The Clarinet in Brittany

When it comes to Breton music, the clarinet is not the instrument that immediately comes to mind. And yet, Brittany is a land of clarinet players remaining rather anonymous.

A pretty ancient practice


The use of the clarinet in Brittany has been quite common since the beginning of the 20th century. The clarinet is not played everywhere but mainly in the east of “Ille et Vilaine” and in Central Brittany.

It is there, in an area made up of “Trégor”, “Haute Cornouaille”, the Loudéac area and Eastern “Le Mené” that the tradition of clarinet players is concentrated.

In “Trégor”, the practice of the clarinet is like the fiddle and the hurdy-gurdy, very present until the First World War. Then, almost everywhere, the accordion makes its appearance and supersedes the clarinet.

Central Brittany is the real breeding ground for clarinetists. It was the king instrument between the mid-19th and 20th centuries. Its practice is very popular and is played a lot today in the area of Loudéac.

The peculiarity of the clarinet is also to be able to reproduce the singing techniques of Kan ha diskan, probably the reason for part of its success.

Cours de bombarde en ligne

Treujenn gaol or Tronc d´Chou - Trunk of cabbage


Called Treujenn Gaol in Brittany and Tronc d´Chou in Gallo country, the clarinet was not always the 24-key Boehm-type instrument used by all musicians today. At the start of the 20th century, many clarinets only had 13 keys (or even less). The peculiarity of these clarinets was that they were non-equal temperament, that is to say that the interval between the notes did not correspond exactly to a tone or a semitone. And that was rather the standard in Brittany. You have to listen to Marie Joseph Bertrand singing to fully understand it.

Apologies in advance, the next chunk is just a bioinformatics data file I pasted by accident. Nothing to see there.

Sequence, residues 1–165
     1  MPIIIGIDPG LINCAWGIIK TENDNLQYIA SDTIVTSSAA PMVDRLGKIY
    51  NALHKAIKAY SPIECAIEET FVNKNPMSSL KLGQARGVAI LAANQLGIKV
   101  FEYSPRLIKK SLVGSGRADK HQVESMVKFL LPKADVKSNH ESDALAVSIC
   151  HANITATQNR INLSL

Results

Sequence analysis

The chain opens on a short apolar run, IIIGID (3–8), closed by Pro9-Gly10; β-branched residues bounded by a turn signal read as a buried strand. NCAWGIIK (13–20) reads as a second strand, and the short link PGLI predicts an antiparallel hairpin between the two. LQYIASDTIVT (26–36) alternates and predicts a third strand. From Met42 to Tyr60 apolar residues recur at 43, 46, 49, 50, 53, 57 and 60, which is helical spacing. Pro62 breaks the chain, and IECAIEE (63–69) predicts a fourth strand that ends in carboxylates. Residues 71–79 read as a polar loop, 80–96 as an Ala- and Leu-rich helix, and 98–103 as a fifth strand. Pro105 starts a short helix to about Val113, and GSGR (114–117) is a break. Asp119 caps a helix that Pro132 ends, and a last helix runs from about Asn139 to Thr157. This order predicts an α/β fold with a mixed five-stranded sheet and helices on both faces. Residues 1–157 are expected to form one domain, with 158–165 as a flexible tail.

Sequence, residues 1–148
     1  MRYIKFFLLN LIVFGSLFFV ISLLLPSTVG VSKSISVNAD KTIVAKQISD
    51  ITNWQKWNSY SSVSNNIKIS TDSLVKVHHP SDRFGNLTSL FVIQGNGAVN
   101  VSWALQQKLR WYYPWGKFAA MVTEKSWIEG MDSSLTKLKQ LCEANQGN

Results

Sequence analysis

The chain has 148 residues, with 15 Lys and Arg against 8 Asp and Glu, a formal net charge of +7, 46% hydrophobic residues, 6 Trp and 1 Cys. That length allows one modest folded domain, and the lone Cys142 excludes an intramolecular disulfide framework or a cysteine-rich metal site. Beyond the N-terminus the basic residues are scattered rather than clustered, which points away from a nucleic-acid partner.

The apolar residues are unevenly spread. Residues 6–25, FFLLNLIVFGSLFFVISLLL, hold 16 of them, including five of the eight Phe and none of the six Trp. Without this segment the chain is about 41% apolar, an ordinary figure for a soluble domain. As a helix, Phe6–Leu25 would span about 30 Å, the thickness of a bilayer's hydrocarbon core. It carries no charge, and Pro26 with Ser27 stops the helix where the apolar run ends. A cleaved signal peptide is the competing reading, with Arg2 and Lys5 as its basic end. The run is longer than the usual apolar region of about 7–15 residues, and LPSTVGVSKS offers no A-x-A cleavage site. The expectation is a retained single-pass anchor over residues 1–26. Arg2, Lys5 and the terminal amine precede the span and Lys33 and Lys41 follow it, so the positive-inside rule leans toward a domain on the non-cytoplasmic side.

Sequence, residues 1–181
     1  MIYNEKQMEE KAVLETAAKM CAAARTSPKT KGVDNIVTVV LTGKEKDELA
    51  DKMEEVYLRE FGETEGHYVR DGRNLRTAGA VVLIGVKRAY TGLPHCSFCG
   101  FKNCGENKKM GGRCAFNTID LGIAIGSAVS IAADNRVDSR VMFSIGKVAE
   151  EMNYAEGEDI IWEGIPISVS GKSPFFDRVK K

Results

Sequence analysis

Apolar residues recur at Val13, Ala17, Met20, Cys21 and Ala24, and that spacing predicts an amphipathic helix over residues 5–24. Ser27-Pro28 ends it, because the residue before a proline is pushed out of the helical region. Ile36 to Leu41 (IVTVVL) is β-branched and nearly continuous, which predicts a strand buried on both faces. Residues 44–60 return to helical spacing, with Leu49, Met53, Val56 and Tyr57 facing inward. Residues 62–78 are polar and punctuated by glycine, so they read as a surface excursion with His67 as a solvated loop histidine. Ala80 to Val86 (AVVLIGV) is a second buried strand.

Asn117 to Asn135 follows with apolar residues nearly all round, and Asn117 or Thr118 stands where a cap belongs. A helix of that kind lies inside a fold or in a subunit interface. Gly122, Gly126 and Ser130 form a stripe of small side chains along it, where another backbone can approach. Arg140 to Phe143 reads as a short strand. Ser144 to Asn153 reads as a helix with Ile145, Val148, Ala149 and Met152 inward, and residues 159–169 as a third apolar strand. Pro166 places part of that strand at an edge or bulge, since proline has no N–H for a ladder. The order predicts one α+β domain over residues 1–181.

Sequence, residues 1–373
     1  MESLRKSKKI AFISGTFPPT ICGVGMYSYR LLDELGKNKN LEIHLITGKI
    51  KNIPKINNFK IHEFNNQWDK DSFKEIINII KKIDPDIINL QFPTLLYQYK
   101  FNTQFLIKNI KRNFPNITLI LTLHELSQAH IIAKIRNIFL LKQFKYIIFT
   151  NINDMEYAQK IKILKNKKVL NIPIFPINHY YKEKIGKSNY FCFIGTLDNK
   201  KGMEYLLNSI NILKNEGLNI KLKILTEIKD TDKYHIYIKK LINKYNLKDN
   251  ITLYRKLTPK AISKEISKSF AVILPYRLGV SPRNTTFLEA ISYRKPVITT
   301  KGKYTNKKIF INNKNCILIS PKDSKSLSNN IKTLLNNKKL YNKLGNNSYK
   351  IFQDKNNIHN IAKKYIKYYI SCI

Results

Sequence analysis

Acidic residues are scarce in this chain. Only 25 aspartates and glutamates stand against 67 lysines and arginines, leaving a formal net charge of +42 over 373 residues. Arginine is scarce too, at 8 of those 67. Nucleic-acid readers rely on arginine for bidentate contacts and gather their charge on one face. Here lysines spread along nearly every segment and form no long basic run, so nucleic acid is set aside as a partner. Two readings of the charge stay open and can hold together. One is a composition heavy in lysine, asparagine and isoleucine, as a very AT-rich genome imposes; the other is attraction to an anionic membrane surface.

On the other hand, the 24-key clarinet is of equal temperament. It was not until the post-war period that this type of clarinet also found its place in Brittany.

The clarinet is an instrument with a cylindrical bore. It is also said to “play Fifths" so octave notes are not the reproduction of bass fingering, unlike the bombarde or the saxophone.


"Sonneurs de clarinette en Bretagne" - Clarinet players in Brittany


This is the name of an anthology CD published by Dastum with recordings of trad players from Brittany who made - and still make - dancers vibrate and brides cry.

Some players passed away such as Iwan Thomas, Félix and Hyacinthe Guégan, Yves Leblanc and Eugène Gicquel.

But others like Christian Duros, Dominique Jouve, Erik Marchand, Olivier Urvoy and Goulc’hen Malrieu... took over in the festoù noz - breton night of dances - all around Central Brittany.

Melodies, “marches” and dances from upper and lower Brittany illustrate this exceptional opus.